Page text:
Class gives tots their tune time

August 15, 2002|By Tricia Bishop | Tricia Bishop,SUN STAFF

Some studies have suggested that music exposure might improve intellectual development. And just in case they're right, 18-month-old Mason Buswell has been getting the saturation treatment since before he was born.

His dad used to put headphones on his mom's belly when Mason was in utero - playing everything from New Age jazz to Led Zeppelin - and now the toddler is enrolled in a weekly music class in Clarksville.

Scott Buswell, Mason's father, says that while he doesn't know if it's having any effect, it sure is fun. "He's been dancing since he was able to stand," Buswell said, "and he loves these classes."

Buswell was one of nine parents and guardians at the River Hill community center yesterday morning, each with a kid age 1 to 3 in tow, letting loose in a way that certainly looked like lunacy.

All of them sang greetings, croaked like frogs, twirled in circles (while waving neon scarves) and banged away on lollipop-shaped drums. But the exercise, said instructor Olenka Bren, was not madness, but controlled - and educational - chaos.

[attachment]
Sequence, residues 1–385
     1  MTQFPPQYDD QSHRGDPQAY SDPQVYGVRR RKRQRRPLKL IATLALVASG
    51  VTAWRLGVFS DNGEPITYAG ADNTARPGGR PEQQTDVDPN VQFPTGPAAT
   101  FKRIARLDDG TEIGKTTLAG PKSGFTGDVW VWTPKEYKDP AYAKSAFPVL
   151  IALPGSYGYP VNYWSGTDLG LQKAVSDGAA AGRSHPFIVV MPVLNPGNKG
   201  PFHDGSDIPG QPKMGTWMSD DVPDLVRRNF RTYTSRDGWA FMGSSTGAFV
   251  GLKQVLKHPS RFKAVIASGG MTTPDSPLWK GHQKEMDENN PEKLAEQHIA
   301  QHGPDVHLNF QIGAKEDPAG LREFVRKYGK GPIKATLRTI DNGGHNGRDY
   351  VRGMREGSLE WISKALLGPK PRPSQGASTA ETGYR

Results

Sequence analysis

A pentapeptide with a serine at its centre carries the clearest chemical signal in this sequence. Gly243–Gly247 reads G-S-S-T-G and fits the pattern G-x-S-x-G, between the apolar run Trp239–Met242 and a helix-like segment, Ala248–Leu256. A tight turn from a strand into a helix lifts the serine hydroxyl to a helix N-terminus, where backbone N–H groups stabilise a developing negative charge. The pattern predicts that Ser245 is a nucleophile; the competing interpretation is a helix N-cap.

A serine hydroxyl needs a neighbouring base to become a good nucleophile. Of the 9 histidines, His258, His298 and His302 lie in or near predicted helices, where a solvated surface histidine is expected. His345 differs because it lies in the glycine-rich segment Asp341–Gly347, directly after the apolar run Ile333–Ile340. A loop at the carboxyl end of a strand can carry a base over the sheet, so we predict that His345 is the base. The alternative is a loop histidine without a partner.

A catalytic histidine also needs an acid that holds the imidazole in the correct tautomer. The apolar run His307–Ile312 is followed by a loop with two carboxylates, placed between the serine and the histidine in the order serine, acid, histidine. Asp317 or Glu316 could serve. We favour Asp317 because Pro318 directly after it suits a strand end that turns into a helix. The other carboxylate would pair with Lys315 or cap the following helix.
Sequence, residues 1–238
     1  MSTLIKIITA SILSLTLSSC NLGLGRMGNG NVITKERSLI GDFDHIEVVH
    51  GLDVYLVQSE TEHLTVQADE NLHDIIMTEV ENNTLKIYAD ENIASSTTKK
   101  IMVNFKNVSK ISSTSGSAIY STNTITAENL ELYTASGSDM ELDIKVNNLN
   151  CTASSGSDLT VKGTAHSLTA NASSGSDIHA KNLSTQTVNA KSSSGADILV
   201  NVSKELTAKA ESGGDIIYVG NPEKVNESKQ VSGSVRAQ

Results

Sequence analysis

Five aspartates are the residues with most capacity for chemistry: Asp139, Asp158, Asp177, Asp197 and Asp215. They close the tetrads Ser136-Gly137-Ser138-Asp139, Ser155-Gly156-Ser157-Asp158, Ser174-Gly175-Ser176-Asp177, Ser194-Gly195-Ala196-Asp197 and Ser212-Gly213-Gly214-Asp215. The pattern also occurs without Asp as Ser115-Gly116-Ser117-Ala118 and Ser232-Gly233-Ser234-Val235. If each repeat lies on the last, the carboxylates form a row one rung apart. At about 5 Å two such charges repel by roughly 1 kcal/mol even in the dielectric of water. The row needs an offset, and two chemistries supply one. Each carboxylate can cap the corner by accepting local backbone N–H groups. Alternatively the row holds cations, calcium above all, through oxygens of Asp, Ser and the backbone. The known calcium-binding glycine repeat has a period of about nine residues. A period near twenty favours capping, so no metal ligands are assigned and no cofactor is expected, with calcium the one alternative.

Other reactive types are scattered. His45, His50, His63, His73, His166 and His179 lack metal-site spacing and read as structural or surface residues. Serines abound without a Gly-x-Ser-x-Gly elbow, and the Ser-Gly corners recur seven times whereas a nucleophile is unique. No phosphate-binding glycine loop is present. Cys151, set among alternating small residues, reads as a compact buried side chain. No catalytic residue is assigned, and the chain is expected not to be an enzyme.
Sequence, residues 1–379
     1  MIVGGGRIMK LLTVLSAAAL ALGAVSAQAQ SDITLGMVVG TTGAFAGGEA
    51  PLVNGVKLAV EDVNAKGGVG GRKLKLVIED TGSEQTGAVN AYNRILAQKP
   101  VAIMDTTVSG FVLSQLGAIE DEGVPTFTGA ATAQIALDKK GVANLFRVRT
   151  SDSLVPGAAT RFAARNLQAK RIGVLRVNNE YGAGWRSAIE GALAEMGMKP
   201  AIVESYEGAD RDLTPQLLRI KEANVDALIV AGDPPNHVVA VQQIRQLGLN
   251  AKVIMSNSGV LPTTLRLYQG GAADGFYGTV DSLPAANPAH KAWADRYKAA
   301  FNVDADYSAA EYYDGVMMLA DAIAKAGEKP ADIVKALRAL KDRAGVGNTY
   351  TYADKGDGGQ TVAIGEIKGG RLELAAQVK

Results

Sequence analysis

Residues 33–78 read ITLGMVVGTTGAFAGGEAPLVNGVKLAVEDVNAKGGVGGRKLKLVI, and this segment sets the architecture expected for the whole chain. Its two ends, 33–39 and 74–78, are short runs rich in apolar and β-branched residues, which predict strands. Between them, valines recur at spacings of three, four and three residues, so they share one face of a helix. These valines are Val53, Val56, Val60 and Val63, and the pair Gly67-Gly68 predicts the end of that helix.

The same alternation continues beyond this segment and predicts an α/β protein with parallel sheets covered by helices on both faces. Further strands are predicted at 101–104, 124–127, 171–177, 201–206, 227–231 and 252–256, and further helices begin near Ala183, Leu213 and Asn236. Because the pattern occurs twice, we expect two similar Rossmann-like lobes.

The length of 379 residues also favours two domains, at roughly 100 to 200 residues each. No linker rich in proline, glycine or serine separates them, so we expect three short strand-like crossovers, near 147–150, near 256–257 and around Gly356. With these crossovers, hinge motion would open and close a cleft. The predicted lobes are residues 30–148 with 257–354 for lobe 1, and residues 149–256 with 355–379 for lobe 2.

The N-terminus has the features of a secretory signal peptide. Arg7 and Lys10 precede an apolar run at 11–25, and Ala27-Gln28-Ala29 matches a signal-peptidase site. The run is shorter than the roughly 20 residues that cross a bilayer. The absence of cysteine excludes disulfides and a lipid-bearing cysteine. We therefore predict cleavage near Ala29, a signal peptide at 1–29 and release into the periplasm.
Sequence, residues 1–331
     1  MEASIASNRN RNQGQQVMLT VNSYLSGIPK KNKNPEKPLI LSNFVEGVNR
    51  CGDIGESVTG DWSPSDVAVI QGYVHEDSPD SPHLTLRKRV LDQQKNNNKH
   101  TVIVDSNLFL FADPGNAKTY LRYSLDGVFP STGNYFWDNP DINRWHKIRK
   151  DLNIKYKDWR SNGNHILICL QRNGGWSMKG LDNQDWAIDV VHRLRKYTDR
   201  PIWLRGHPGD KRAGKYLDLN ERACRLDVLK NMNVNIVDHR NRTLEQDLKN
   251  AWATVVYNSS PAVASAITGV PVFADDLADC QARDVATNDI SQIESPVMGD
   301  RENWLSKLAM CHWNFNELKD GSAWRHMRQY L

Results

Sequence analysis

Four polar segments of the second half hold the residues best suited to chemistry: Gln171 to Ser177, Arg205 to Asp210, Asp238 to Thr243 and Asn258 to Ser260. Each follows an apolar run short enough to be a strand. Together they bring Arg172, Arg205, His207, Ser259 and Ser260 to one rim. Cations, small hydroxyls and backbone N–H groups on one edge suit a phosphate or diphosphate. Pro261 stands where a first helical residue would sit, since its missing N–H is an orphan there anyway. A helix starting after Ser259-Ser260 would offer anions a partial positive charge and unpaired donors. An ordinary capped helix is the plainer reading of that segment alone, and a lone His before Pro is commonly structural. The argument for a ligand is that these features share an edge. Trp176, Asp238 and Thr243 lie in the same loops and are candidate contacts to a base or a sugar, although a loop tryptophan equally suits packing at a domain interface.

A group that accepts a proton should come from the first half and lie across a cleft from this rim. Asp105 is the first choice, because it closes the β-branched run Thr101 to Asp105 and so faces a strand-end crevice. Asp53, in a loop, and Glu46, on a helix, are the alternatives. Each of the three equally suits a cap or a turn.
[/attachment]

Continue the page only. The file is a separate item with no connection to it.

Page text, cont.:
"We sing and dance and play a lot, but the idea is for the kids to discover music through rhythm and sound," said Bren, who lives in Elkridge. "For them, it's like learning a language, and the best way to learn a language is to speak it, or experience it, when you're very young."

That is the philosophy behind "Music Together," an introductory program for children ages 1 to 5 that started in New Jersey 15 years ago and has spread around the world - including to Olenka's School of Music in Howard County.

Kids are taught through experience, movement and general exposure. During the class, they learn songs and gestures to accompany them, experiment with various instruments and listen to music from cultures around the world.

"Miriam sings all the time now," said the 2-year-old's grandmother, Marilynn Sheetz. "I'm amazed by how much she's picked up."

Bren discovered the program while researching ways to teach children music. A classically trained pianist, she emigrated from Ukraine in 1990 and started her music school after moving to Maryland in 1993.

This is Gabby Eng's third session, but the 21-month-old's mother said it does not get old because the curriculum and instructors change. Bren said the school has nine separate "Music Together" programs.

Information: 410-309-0770.

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